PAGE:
The best inventors often have a knack for turning problems into profits with an innovative, market-shattering product. This especially rings true when it comes to the seemingly mundane problems consumers overlook, or don’t even know exist.
Little did local network engineer Rea Huntley know that the problem she solved last fall would soon become a major topic of discussion among restaurateurs who, in a global pandemic, must inspire confidence about their ability to prevent the spread of COVID-19.
With Huntley’s Lavii locker, an increasing number of food establishments in the D.C. area have taken extra steps to make food pickup more efficient, and keep all takeout orders in a tightly confined space only the customer can access.
“A lot of restaurants have resorted to methods for takeout orders but processes aren’t secure and it leaves [room for] human interaction [with the food] and possibly theft,” Huntley told The Informer as she recounted a 20-minute wait for a takeout order during the summer of 2019 that compelled her to invent the Lavii locker.
The large steel Lavii locker comes with either a thick window or steel covering serving as the door for each of the 10 airtight compartments. Once a restaurant places the order inside the Lavii locker and confirms ready for pickup, the customer will receive a Quick Response (QR) code that opens the locker, allowing them to get their food in less than 10 seconds. In the event the code doesn’t work, the locker also has a built-in touchscreen that customers can use to verify their identity.
In early 2021, Huntley and her colleagues will engage potential investors through a crowdfunding campaign.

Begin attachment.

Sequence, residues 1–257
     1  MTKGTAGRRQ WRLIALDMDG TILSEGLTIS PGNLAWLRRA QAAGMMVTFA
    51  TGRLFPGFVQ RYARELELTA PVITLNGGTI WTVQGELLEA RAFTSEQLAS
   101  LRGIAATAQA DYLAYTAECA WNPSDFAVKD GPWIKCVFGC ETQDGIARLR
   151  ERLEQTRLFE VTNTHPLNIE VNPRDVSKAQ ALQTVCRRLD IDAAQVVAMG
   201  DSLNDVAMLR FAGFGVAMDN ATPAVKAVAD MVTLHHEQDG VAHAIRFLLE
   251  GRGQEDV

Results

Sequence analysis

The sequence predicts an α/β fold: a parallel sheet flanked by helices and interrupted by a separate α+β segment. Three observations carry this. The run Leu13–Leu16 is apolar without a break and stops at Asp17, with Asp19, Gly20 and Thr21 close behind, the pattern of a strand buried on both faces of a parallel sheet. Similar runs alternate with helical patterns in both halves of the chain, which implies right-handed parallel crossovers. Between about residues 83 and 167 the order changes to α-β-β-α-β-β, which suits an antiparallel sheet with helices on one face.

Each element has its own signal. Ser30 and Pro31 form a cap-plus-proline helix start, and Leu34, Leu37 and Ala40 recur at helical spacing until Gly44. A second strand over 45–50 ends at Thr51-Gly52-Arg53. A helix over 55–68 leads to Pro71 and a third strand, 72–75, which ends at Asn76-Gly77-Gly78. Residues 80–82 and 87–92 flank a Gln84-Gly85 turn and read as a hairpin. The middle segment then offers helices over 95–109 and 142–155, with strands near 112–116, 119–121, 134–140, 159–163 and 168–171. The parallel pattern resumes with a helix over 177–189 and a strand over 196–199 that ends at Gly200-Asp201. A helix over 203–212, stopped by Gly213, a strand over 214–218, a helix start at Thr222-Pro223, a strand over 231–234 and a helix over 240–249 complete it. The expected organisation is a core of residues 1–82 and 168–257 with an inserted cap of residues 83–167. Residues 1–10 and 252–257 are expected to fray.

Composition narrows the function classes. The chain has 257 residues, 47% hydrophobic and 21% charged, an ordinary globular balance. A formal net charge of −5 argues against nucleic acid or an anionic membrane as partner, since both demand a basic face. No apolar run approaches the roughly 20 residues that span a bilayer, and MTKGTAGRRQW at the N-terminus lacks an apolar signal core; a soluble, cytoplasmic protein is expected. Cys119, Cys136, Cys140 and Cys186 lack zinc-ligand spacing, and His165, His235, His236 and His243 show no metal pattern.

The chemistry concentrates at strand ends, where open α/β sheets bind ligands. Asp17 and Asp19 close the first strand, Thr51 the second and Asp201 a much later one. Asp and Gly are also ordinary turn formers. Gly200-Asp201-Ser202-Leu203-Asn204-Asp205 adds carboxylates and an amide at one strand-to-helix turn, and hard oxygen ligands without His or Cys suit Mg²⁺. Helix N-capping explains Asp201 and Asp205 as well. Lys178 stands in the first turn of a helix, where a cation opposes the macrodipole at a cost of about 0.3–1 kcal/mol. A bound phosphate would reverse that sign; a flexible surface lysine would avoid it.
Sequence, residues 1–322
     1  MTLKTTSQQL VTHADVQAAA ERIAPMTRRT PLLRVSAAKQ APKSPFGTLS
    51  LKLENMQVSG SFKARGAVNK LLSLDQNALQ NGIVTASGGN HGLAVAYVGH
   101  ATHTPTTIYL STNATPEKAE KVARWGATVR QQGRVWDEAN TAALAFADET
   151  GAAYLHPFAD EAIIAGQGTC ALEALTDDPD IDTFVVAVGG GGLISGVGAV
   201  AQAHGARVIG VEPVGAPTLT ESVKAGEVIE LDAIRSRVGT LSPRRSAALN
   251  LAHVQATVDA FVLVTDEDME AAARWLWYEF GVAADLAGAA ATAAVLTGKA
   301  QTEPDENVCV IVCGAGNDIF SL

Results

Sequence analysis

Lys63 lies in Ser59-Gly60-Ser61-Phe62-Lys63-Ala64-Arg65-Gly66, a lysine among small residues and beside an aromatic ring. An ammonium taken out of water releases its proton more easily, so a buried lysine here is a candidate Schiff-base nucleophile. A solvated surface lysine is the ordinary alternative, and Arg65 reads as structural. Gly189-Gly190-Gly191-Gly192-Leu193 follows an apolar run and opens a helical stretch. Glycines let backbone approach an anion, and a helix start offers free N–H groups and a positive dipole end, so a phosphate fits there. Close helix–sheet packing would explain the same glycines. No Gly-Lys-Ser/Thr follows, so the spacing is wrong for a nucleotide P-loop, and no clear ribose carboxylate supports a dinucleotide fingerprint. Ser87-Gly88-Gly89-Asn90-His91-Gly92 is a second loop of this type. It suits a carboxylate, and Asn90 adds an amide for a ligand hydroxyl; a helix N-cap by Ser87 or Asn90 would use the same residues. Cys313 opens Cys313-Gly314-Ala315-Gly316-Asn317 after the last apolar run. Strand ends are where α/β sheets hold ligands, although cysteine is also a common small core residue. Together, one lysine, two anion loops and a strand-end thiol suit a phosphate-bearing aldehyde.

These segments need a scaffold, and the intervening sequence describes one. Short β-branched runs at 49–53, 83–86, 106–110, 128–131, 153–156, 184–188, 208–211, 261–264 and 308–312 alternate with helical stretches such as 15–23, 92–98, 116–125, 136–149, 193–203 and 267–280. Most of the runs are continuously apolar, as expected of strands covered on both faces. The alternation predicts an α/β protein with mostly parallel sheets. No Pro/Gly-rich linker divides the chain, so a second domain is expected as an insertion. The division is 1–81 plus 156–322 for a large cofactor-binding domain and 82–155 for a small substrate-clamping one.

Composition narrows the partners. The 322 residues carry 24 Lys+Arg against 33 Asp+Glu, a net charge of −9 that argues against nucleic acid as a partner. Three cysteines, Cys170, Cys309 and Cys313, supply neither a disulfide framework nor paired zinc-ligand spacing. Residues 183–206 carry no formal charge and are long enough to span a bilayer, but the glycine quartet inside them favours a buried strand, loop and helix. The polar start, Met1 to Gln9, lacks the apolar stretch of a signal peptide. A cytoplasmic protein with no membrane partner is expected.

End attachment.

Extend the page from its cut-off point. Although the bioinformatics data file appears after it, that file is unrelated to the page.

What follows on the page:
“We provide a safer way of picking up food and have been getting a lot of interest from restaurants looking to optimize their pick-up solutions,” said Huntley, who launched the Lavii locker pilot program with James Bagley and Marcus Gunn in August.
“It’s all about us educating the restaurants about how this product can be beneficial to their business during and post-COVID.”
The coronavirus has killed more than 15 million people in the United States. Though the Centers for Disease Control and Prevention assesses ordering take-out as low-risk activity, concerns have often surfaced about the changing of hands, and the food’s placement in the open space for long periods of time.
The Lavii locker counts among the restaurant industry’s latest COVID-era innovations, including heat-and-eat dishes, meal kits, and wine pairings with food orders.
While other changes have attracted customers, the Lavii locker has addressed the issue of how to reduce human contact with takeout orders. Amid attempts to meet this goal, restaurants have purchased tamper-proof packaging and adopted “no touch” policies. New restrictions have affected every aspect of the restaurant visit — including the placement of credit card machines.
Because of the high volume of takeout orders, managing foot traffic remains an issue, even with the best of planning. That’s why the Lavii locker has been a gem for the owners of Shark Bar and Seafood House in Waldorf, Maryland.
The restaurant recently highlighted its newest resource on an Instagram post that sparked followers’ curiosity.
“Lavii wrapped the lockers in our vibrant blue color with our signature sharks on it,” said Karie Van Hook, co-owner of Shark Bar and Seafood House. “It’s a really good attraction.”
“We have it in the foyer before you enter our restaurant,” Van Hook continued. “Guests that order online won’t even have to come into the restaurant. They can come into the lobby area, and just put their phone up to the locker and retrieve it. It works really well. We just signed a contract to continue usage.”